Magnetic Resonance

Magnetic Resonance (MR) detects the signature of ore minerals via sensors. As a result of their crystal structures and properties of their atomic make-up, many ore minerals possess a signature resonant radio frequency. With negligible overlap of signature resonant frequencies, MR easily discriminates between ore minerals, eliminating the requirement for recalibrations. The unique resonant frequencies also mean that MR measurement benefits from a very high signal-to-noise ratio, and can generate highly precise measurements at much faster speeds and at much higher resolutions than other bulk sensor types.

MR detects the signature of ore minerals by sending radiofrequency pulses into the ore stream via non-contact sensors. The sensors detect the signatures via an echo, in a measurement process completed in under a millisecond. Due to the discriminate nature of the mineral resonances, the echo’s magnitude is proportionate to the number of crystalline unit cells in the ore mineral.

Key Attributes

  • Deep Sensing

    The radiofrequency band used by MR can penetrate metres into rock, meaning that measurements are accurate for whole-of-ore.

  • Highly Selective

    The lack of overlapping mineral resonances means MR can differentiate between the ore resonance of one and another, with the mineral quantified by the scale of the MR echo.

  • Seamless Calibration

    Since MR measurements are clean, an accurate factory calibration can be pre-set, meaning that ongoing recalibration is not required.

  • Surface Insensitivity

    MR is a pure bulk sensing solution, which means it doesn’t require a clean surface, narrow size distribution, or pre-mixed presentation to produce accurate data.

  • Operational Safety

    Utilising non-ionising radiation, MR is safe to deploy in close proximity to workers, with its radio signal strength in compliance with workplace exposure standards.

Mineral Characterisation

  • Most copper sulphide minerals can be detected directly using MR, while others can be detected by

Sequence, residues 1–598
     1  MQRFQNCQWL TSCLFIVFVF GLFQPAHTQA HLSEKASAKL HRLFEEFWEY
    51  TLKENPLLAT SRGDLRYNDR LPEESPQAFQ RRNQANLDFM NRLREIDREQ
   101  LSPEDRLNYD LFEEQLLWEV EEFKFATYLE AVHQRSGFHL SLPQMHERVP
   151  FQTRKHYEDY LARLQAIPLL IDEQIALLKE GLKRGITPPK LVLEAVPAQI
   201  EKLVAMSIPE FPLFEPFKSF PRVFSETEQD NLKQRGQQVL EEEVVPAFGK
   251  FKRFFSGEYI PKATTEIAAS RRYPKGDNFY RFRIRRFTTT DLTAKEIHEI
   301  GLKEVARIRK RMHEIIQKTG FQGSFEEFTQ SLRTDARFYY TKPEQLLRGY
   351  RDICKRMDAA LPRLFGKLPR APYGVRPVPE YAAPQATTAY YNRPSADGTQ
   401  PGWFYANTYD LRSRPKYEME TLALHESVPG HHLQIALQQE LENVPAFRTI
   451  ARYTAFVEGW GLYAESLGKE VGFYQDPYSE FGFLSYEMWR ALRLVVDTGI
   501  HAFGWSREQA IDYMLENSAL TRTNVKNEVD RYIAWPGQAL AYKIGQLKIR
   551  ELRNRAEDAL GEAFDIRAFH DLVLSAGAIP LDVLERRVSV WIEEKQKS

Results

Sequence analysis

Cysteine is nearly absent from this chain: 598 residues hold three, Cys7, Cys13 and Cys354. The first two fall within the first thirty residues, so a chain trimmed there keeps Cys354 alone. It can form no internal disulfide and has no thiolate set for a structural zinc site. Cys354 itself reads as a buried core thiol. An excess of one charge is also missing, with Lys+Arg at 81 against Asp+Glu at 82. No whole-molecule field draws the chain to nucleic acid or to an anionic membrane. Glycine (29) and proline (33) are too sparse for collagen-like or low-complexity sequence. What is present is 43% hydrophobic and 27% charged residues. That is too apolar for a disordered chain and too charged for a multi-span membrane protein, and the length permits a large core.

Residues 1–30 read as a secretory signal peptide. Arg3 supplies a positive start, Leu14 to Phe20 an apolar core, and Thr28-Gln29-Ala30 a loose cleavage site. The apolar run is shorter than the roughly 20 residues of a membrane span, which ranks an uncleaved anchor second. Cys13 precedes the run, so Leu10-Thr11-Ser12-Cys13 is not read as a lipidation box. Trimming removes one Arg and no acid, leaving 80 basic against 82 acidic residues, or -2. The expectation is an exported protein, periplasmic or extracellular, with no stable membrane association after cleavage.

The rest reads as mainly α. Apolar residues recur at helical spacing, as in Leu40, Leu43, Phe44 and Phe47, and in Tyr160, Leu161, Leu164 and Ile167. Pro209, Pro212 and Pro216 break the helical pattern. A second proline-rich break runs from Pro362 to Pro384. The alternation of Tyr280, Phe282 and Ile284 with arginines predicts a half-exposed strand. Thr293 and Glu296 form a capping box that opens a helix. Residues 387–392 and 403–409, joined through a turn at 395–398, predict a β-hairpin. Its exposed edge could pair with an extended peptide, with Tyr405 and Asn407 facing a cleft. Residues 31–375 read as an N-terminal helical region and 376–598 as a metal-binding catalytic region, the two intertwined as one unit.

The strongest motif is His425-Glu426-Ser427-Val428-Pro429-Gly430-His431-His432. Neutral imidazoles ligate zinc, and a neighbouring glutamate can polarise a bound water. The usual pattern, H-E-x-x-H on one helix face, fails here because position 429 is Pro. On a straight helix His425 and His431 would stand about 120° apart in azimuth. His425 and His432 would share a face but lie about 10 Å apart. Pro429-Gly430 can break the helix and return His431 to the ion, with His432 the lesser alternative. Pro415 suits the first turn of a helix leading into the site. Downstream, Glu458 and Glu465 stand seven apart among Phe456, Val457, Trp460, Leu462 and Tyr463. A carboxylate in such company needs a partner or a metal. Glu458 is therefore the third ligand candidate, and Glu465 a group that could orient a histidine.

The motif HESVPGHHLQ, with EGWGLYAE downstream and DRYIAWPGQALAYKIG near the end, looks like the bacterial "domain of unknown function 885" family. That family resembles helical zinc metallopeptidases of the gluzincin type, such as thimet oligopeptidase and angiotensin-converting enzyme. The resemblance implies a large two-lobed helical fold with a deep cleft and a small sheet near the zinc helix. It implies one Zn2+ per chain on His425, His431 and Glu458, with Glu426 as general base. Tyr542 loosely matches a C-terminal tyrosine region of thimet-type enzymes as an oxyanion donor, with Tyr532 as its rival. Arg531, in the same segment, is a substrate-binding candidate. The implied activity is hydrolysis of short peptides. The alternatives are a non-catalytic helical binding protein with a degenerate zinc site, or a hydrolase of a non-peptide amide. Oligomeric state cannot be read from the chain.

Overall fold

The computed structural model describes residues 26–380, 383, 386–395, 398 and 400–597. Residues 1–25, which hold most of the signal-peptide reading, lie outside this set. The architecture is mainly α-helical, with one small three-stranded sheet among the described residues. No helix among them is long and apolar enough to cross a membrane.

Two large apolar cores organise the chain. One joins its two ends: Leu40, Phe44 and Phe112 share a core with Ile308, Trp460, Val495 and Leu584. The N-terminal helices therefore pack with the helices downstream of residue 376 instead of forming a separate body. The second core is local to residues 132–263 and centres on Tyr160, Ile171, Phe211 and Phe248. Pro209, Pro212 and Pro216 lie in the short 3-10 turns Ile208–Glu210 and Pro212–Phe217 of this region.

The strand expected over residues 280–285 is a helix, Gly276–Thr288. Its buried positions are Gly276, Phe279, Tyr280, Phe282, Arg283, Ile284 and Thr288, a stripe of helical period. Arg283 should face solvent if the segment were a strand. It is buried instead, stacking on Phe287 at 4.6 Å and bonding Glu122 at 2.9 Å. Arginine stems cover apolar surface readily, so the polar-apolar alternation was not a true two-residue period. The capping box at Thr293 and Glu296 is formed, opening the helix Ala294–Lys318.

association ​
  • The sensitivity of each mineral to detection also varies from mineral to mineral​
  • The higher the sensitivity of the mineral to MR, the more quickly and accurately the MR system can deliver a measurement ​
  • The MR sensor is highly penetrative and can measure large throughputs on fully loaded conveyor belts​
  • The measurement response time is rapid, thus allowing diversion of different grade streams in an ore sorting application​
  • 1 mineral is measured per MR Analyser, multiple analysers can be installed on a single conveyor belt​


MagnetiteIronVery High
Bismuthinite+ othersMedium

Bulk Ore Sorting

Bulk Ore Sorting differentiates minerals from waste to improve ore grade. The value proposition of effective bulk ore sorting is significant. Supported by the development of accurate new sensing technology, bulk ore sorting is now able to progress from small mining operations to globally significant mines.

Bulk ore sorting systems are capable of separating valuable minerals from waste, improving the head grade conveyed to processing plants. Beyond the improvements to mine productivity, bulk ore sorting can also decrease water and electricity consumption and create efficiencies from mine planning to extraction.

Bulk ore sorting is different from particle sorting. In bulk ore sorting, a single average grade measurement is generated for a ‘’pod’ or ‘parcel’ of material. The size of the pod is determined by the measurement speed of the sensor and the throughput of the conveyor. For example, if the measurement time of the analyser is 5 seconds and a conveyor is carrying 3,600 tonnes per hour, or 1 tonne per second, a pod would be equal to 5 tonnes. In this example a grade measurement would be provided for every 5 tonnes of material. Based on that measurement, downstream diverting systems would direct high quality ore to an upgraded stream and waste material to a reject stream.